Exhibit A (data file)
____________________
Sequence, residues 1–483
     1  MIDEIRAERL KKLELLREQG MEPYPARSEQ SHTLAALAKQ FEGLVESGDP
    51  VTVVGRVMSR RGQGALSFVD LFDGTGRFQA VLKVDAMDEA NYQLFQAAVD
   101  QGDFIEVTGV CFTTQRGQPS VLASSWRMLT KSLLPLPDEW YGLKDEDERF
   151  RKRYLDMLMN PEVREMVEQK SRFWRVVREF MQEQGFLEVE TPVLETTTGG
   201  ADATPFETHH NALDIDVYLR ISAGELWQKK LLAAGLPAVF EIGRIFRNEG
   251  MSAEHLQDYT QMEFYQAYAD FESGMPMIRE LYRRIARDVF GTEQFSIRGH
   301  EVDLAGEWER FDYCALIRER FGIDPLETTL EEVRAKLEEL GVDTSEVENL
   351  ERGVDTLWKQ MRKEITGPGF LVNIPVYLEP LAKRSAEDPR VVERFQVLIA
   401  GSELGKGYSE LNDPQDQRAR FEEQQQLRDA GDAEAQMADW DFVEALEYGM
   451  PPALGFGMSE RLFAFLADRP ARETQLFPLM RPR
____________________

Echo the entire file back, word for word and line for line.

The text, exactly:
Sequence, residues 1–483
     1  MIDEIRAERL KKLELLREQG MEPYPARSEQ SHTLAALAKQ FEGLVESGDP
    51  VTVVGRVMSR RGQGALSFVD LFDGTGRFQA VLKVDAMDEA NYQLFQAAVD
   101  QGDFIEVTGV CFTTQRGQPS VLASSWRMLT KSLLPLPDEW YGLKDEDERF
   151  RKRYLDMLMN PEVREMVEQK SRFWRVVREF MQEQGFLEVE TPVLETTTGG
   201  ADATPFETHH NALDIDVYLR ISAGELWQKK LLAAGLPAVF EIGRIFRNEG
   251  MSAEHLQDYT QMEFYQAYAD FESGMPMIRE LYRRIARDVF GTEQFSIRGH
   301  EVDLAGEWER FDYCALIRER FGIDPLETTL EEVRAKLEEL GVDTSEVENL
   351  ERGVDTLWKQ MRKEITGPGF LVNIPVYLEP LAKRSAEDPR VVERFQVLIA
   401  GSELGKGYSE LNDPQDQRAR FEEQQQLRDA GDAEAQMADW DFVEALEYGM
   451  PPALGFGMSE RLFAFLADRP ARETQLFPLM RPR